The South African government has launched a nation-wide drive to sell defence bonds to help pay for the country's armed forces.
SV South African President Nicolaas Diederichs addressing crowd at defence bond rally, Pretoria, South Africa
GV PAN Crowd listening
GV & SV Troops marching past to music and saluting President (2 shots)
GV Military band going by with dog mascot following
CU Crowd watching
GV Army vehicles with guns on parade PAN TO Presidential stand (2 shots)
SCU Foreign Minister Pic Botha watching
GVs & SVs Armoured vehicles and missile carriers in parade (4 shots)
Script is copyright Reuters Limited. All rights reserved
Background: The South African government has launched a nation-wide drive to sell defence bonds to help pay for the country's armed forces. At sales drives up and down the Republic's five provinces on Saturday, (1 October) Prime Minister John Vorster, President Nicolaas Diederichs, and cabinet ministers helped launch the drive with the aid of a pop song, a radio competition to choose a campaign slogan, and military parades.
SYNOPSIS: One of the biggest parades was in Pretoria, the country's capital, where President Diederichs appealed to the public to buy the bonds. He told the crowd: 'It is through our own strength, and not through onslaughts from outside, that peace will be preserved in South Africa.' He also warned of the danger of what he called "communist aggression".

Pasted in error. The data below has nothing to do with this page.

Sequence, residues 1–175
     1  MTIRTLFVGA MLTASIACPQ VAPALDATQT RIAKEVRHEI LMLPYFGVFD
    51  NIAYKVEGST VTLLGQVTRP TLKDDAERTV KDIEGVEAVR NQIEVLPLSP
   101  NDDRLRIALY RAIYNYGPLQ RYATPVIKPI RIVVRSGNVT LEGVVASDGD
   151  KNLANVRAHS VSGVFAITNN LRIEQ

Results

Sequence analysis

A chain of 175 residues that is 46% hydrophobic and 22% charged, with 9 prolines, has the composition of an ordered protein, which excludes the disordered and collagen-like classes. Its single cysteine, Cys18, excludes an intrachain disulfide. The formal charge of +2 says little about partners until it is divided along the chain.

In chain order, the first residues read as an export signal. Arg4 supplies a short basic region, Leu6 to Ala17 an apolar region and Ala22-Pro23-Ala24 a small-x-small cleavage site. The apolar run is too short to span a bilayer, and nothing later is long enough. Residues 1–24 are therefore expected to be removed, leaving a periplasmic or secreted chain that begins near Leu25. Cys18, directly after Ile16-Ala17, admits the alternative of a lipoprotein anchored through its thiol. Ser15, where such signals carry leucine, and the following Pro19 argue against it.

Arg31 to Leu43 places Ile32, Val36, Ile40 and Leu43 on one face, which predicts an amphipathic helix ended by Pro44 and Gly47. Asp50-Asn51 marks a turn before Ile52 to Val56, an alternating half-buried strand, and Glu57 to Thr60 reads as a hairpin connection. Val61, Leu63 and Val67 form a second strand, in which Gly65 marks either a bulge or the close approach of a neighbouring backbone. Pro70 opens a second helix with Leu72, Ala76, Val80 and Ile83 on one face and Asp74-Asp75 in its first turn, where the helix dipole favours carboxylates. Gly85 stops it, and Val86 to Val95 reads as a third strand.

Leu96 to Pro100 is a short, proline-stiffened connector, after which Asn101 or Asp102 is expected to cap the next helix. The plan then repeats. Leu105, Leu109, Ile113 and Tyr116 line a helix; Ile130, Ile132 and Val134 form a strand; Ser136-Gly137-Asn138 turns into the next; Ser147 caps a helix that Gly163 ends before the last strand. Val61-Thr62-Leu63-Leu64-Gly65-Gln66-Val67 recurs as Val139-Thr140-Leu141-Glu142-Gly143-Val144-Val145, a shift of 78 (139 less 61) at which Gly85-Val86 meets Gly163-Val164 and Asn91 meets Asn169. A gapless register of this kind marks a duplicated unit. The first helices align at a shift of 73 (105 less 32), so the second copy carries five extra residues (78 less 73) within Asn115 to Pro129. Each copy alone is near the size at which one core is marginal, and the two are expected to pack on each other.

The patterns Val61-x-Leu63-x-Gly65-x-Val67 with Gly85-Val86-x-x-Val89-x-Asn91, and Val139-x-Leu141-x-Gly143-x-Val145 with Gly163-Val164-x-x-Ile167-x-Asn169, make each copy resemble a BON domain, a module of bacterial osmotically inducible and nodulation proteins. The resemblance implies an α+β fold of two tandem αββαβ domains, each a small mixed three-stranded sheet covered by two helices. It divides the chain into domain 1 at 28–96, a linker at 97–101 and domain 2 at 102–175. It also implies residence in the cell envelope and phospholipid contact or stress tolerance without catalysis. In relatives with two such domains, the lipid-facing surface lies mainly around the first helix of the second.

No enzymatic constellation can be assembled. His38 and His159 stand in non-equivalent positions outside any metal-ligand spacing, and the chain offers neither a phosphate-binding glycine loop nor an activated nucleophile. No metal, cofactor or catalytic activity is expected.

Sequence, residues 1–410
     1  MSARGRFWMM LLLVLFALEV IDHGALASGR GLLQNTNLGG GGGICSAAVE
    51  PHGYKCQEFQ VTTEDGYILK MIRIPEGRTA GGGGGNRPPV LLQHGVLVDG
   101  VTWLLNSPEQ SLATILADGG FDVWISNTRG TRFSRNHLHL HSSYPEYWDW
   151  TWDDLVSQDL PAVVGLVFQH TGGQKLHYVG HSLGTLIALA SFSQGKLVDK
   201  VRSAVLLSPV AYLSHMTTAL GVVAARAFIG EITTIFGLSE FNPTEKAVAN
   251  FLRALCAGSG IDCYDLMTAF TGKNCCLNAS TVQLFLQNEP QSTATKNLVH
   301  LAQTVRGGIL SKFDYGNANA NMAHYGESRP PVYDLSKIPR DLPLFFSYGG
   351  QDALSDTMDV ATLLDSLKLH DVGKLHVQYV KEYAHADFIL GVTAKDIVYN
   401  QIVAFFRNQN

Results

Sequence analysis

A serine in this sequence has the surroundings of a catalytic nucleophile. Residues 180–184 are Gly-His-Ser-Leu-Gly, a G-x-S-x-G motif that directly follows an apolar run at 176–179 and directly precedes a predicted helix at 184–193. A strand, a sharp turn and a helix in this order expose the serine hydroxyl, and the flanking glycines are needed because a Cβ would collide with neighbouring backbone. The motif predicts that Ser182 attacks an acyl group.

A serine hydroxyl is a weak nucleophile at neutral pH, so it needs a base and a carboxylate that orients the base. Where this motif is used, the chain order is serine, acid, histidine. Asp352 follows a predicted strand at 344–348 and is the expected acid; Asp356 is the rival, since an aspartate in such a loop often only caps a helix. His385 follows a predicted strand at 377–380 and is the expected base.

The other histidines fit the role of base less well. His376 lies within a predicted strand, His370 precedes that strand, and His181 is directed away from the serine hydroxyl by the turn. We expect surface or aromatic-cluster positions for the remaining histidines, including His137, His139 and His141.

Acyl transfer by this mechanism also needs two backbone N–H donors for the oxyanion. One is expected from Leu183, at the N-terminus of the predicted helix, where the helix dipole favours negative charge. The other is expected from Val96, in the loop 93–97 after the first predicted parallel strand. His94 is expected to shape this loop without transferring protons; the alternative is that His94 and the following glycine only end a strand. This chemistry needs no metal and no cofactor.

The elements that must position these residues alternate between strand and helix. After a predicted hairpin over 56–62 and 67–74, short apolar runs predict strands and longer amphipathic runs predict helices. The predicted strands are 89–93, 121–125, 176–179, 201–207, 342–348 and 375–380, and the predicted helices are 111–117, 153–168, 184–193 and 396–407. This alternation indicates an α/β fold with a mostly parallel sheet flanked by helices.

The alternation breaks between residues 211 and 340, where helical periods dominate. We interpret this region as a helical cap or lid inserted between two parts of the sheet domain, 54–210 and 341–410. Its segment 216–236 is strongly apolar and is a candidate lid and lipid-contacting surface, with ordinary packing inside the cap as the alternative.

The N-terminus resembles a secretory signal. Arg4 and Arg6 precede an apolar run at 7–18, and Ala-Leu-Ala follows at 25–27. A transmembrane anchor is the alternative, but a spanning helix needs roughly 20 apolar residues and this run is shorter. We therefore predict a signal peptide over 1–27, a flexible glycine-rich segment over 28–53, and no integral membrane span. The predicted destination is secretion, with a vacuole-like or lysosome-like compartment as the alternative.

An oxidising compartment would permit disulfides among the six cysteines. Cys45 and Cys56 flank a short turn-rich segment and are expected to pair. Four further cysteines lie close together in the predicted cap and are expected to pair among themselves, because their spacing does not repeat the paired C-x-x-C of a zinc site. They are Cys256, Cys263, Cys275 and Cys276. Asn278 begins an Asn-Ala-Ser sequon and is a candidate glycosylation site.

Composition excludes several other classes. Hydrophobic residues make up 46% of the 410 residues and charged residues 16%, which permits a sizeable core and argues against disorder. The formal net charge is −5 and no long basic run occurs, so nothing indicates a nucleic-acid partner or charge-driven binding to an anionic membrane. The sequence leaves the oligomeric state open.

The campaign comes with the South African National Party Government of Mr. Vorster embroiled in more controversial issues, both at home and abroad, then at any other time. It also follows less than two weeks after Mr. Vorster announced a surprise general election for next month (November) -- a year and a half ahead of schedule. A major public opinion poll taken before the snap election announcement indicated that the National Party will be swept back to power with an even bigger majority than the massive one it already holds.
Foreign Minister Mr. Pic Botha, was one of the cabinet members to take part in the bond sales campaign. He's perhaps more keenly aware than the others of South Africa's position abroad, being heavily involved in the international pressures over both South West Africa and Rhodesia. In addition South Africa -- which already has probably the strongest armed forces in Africa -- is facing increasing dissent within its own borders. Several major race riots and increased guerrilla activity have claimed more than two hundred lives last year and this.